Pour of tor and distances.

God’s lioness,

How one we grow,

Pivot of heels and knees!—The furrow

Splits and passes, sister to

The brown arc

Of the neck I cannot catch,

Nigger-eye

Berries cast dark

Hooks—

Black sweet blood mouthfuls,

Shadows.

Something else

Hauls me through air—

Thighs, hair;

Flakes from my heels.

White

Godiva, I unpeel—

Dead hands, dead stringencies.

And now I

Foam to wheat, a glitter of seas.

The child’s cry

Melts in the wall.

And I

Am the arrow,

The dew that flies

Suicidal, at one with the drive   Sylvia Plath  Ariel

early december landscape

December 7, 2013

horizon1

horizon 3

This morning, the horizon shimmered with a low misty layer. The sea appeared to be exhaling in long slow sensuous breaths into the huge sky above. The contrast of this light show (orchestrated by the universe) to the raw, stubbly  texture of the newly ‘cut’ hedges (massacred by man) was quite powerful. . . . .

horizon 2

. . . . although the colours of the landscape here in the  Country Park, now are mostly earthy and restful, flashes of brilliance appear on the top of the gorse and from the berries of the stinking Gladwyn iris – poor plant to have to bear this detrimental tag . . .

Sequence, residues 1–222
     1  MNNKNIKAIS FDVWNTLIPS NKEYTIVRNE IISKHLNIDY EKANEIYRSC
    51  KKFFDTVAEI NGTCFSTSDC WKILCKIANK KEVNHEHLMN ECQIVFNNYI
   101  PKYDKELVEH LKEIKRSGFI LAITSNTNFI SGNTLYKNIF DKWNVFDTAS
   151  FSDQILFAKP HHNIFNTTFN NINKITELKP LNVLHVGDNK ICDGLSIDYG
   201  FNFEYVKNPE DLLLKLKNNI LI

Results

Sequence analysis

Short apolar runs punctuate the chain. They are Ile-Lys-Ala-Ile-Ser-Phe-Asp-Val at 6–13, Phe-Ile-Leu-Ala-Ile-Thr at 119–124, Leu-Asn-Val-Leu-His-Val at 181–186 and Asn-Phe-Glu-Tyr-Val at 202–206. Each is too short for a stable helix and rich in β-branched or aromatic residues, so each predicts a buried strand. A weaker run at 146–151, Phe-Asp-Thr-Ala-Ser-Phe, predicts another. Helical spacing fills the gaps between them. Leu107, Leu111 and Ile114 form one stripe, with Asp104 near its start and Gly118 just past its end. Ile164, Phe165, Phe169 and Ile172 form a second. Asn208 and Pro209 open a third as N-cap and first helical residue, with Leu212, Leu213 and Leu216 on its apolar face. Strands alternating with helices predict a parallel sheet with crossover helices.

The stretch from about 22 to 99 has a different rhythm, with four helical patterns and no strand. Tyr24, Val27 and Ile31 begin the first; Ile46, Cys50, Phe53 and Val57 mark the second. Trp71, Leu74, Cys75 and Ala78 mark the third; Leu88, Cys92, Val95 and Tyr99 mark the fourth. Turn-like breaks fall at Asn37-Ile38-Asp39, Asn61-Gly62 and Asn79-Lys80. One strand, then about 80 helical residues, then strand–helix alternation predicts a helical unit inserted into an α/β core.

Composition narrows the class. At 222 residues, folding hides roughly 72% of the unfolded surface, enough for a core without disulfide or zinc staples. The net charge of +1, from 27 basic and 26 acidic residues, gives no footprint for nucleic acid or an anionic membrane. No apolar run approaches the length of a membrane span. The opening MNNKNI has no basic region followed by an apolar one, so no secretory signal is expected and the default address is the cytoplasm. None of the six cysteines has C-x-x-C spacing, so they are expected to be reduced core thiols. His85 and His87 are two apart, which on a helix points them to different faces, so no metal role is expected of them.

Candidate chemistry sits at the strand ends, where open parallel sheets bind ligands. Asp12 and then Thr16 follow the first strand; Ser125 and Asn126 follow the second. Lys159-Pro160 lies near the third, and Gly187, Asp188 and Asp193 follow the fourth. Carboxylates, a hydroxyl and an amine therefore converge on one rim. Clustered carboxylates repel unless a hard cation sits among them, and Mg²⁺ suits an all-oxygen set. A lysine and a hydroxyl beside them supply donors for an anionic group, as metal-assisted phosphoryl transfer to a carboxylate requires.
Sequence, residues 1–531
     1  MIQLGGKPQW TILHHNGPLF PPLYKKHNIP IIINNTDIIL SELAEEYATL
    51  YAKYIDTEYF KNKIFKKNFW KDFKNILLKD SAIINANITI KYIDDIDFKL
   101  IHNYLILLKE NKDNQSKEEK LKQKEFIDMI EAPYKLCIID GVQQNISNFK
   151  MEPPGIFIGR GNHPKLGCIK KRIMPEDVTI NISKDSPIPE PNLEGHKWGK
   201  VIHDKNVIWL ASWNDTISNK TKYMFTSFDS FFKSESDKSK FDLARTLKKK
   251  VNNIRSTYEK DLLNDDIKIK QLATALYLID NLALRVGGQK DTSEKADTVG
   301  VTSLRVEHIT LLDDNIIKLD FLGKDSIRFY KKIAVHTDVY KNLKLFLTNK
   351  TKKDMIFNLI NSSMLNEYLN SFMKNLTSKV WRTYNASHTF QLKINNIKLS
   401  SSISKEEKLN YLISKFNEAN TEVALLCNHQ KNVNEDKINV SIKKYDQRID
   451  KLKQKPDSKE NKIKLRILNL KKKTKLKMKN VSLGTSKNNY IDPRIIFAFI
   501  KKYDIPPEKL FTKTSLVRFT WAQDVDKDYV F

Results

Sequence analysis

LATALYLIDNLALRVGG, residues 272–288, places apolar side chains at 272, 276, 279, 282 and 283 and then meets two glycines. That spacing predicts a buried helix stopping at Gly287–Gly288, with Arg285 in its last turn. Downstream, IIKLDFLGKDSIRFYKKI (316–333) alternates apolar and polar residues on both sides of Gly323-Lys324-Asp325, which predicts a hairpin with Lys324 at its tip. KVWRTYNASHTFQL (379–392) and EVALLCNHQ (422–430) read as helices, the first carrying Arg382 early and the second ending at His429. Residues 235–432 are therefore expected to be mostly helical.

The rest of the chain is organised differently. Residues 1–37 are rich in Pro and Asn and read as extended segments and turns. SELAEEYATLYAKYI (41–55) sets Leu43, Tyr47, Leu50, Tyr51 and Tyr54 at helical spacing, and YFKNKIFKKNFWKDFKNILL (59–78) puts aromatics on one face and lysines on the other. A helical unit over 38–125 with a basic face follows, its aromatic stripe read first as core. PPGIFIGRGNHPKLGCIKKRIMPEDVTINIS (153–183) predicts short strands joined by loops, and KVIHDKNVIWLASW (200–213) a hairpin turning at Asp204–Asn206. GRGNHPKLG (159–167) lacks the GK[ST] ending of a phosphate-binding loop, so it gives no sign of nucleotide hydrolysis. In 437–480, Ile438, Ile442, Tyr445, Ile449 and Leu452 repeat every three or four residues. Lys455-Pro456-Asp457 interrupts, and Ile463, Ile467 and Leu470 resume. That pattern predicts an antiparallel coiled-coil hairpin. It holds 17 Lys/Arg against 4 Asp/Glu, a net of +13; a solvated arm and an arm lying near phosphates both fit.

ulex

iris foetidus

. . . but holding its own against the encompassing mass of bracken fronds looking now like shredded brown paper bags. Attractive in appearance, the bracken masks its true nature  -  pernicious, invasive and opportunistic.coast 2

oak + horizon

 

birds

Scrub oaks and small sweet chestnut are more prominent visually on this sloping coastal terrain. A flock of birds showing as black specks add to the graphic quality of the composition. I feel a stranger in my surroundings. When I look to the horizon from this rather gentrified landscape, I want to know what is happening beyond and elsewhere in the world. I should feel lucky  in comparison with those caught up in violent conflict as the poem intimates.

The seasons are sharp and divide the look and feel of the landscape. It becomes very different worlds when the seasons change. Elements are exposed; then covered, hidden and secret. I think again and again of Ravel’s  sentence:  Music is the silence hidden between the notes.

scrub oak leaning

Was it widthways or lengthways,

a quarrel with the equator?

Did the rawness of the inside sparkle?

Only this is true:

there was an arm on one side

and a hand on the other,

a thought on one side

and a hush on the other.

And a luminous tear

carried on the back of a beetle

went backwards and forwards

from one side to the other.  Monica Alvi  How the World Split in Two